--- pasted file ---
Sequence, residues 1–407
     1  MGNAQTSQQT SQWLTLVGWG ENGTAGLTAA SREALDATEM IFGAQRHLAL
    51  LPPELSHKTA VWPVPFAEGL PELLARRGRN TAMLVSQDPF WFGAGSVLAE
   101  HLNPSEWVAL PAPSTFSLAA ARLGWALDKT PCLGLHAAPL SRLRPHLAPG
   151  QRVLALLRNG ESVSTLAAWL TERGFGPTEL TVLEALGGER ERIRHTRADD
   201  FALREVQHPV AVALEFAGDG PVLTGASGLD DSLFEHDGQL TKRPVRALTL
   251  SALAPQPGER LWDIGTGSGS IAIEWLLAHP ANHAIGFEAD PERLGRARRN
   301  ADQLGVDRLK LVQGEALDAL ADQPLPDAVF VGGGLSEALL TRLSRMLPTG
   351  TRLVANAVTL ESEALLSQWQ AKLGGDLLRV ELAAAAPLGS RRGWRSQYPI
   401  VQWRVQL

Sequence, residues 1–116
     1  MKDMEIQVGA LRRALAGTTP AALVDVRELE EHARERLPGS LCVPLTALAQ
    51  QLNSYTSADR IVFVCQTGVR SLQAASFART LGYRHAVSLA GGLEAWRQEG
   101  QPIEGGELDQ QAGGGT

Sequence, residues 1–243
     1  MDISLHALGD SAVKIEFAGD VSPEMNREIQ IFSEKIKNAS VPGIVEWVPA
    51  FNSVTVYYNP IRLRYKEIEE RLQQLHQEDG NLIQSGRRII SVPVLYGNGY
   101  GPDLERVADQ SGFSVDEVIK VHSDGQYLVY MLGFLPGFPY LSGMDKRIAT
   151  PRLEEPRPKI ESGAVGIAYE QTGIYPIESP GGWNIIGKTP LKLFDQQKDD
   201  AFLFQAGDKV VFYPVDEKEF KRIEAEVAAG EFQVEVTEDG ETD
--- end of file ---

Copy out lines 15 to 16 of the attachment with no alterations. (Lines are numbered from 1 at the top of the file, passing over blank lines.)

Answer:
Sequence, residues 1–243
     1  MDISLHALGD SAVKIEFAGD VSPEMNREIQ IFSEKIKNAS VPGIVEWVPA